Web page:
Naming names: Crash Champions, Fountain Valley offer perspective on brandingBy on
Announcements | Business Practices | Market Trends | Repair Operations
The rapidly expanding Crash Champions announced Wednesday it will apply its brand to all of its 47 properties.
This renames the newly acquired yet already aggressively marketed Fountain Valley Bodyworks brand. It will also replace the 24-location Pacific Elite brand — which had a significantly larger shop count than Crash Champions when the latter purchased it in March.
On Tuesday, we discussed the Crash Champions rebranding with CEO Matt Ebert and Fountain Valley founder Dave March. The two men offered more branding food for thought to a collision repairer considering buying a rival, spinning off a new location, or naming their very first facility.
March said his company had focused on marketing for four decades, and its strategies include “lots of television” and direct mail, he said.
Fountain Valley was “big on driving our brand,” and “pretty proud” of how this marketing has made it seem “a lot bigger.”
Nevertheless, he agreed with the rebranding despite his company’s existing name recognition.
“You gotta have one brand,” he said.
A shop named after Fountain Valley, Calif., “how can they get any bigger?” he asked. What would the repairer call itself in nearby locales like Newport Beach or Anaheim, Calif.?
“We were pretty much boxed in with our name,” he said. And Crash Champions had a “good ring” to it.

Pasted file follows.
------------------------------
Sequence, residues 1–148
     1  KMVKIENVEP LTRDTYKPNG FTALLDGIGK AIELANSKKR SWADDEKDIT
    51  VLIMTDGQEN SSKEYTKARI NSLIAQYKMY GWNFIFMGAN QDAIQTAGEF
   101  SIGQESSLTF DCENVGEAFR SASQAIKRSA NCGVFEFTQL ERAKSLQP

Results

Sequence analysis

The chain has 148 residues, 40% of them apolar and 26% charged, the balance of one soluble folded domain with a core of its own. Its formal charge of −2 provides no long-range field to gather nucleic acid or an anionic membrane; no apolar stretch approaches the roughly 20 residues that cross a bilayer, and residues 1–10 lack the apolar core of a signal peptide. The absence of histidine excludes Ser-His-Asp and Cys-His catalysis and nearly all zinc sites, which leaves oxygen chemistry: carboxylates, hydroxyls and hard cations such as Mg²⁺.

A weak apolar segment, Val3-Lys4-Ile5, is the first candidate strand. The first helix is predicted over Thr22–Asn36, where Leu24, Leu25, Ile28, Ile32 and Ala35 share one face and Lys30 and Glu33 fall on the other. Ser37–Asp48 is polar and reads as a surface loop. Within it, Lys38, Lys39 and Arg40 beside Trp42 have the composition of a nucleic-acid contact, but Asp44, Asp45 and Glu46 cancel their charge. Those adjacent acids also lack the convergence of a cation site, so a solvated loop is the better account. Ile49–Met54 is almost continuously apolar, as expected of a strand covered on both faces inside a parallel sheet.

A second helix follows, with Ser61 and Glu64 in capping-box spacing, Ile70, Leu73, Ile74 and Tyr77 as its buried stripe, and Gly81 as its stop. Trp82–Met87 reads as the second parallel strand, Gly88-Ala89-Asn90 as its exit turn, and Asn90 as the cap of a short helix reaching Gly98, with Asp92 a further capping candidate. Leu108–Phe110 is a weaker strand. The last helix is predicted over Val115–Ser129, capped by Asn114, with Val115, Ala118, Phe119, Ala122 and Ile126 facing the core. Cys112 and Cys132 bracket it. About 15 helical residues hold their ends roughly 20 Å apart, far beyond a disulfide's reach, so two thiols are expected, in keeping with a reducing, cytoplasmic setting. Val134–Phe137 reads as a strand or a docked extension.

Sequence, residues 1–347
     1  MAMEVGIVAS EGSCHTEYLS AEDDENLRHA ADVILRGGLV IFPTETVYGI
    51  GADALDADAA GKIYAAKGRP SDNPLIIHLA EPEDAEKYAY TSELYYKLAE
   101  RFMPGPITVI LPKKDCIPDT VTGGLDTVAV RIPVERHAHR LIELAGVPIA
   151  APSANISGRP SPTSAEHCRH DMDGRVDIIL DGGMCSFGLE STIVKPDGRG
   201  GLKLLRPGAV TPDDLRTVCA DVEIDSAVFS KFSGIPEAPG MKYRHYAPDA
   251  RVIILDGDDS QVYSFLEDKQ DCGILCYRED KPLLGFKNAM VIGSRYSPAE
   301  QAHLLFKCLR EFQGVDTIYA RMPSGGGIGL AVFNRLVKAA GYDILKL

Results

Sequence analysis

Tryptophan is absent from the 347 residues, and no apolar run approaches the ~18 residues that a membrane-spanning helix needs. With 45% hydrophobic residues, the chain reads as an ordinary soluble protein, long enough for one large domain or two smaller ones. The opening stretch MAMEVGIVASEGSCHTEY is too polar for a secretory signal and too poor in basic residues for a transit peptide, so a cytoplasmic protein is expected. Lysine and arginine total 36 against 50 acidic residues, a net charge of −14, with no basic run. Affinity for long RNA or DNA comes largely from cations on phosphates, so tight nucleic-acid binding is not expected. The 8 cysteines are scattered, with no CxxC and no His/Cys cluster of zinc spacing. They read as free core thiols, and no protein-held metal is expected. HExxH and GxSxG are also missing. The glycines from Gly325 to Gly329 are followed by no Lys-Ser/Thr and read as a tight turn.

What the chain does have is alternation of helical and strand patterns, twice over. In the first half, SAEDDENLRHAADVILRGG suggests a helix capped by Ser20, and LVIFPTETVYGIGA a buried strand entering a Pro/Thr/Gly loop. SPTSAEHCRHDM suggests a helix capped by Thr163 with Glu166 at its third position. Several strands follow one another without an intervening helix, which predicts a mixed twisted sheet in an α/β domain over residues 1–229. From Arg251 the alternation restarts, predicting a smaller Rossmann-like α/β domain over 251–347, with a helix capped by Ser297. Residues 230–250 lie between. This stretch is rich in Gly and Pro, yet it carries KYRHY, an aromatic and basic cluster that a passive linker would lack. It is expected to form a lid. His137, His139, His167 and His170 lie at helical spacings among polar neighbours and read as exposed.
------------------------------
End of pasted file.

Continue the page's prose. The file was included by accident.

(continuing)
As far as confusion among past customers, Ebert said consumers do business with someone they know and trust. Both Pacific Elite and Fountain Valley’s owners now were part owners of the broader Crash Champions, he said. So customers would find “the same people that you know and trust” with the company.
“If we market it right, they’ll all know that we changed our name and why,” Ebert said.
Ebert said a “bunch of benefits” also existed with a common name.
“The same name helps the culture” move in the same direction and know the path, he said.
In addition, “the whole company can be proud of it,” Ebert said. There’s no issue of pride divided between different segments, he said.
“Externally, I believe that a branded house is much stronger than a house of brand,” he said. He said Crash Champions wants referral sources like automakers and insurers to know it plans to be around for the long term and “grow to a pretty big scale. And we want to be seen as a viable better alternative to our competitors.”
For a counterpoint on preserving existing branding on acquisitions, check out our interview earlier this year with Driven Brands paint, collision and glass group President Michael Macaluso. When Driven Brands bought the ABRA franchises in 2019 and the Fix Auto USA network this year, it kept those national chains’ brands — despite already owning the CARSTAR brand targeting the same customers with the same services.
“Each brings its own brand identity” in its community and market, Macaluso said in April of ABRA, CARSTAR and Fix Auto USA. He said owning all three offers more of a “national presence,” something he called important to insurers and consumers.
“We fully intend to grow all three brands,” Macaluso said. He said Driven Brands “three strong franchise groups” would be “even stronger” together by sharing scale.
We asked if Driven Brands had plans to differentiate the brands besides each one’s geographic awareness — for example, one focuses on DRPs, while another targets high-end vehicles.
“We’re looking to work with all three brands to see if there is different positioning long-term,” Macaluso said.
Fountain Valley Bodyworks is shown. (Provided by Crash Champions)
A Fullerton, Calif., Pacific Elite auto body shop is shown. (Provided by Pacific Elite)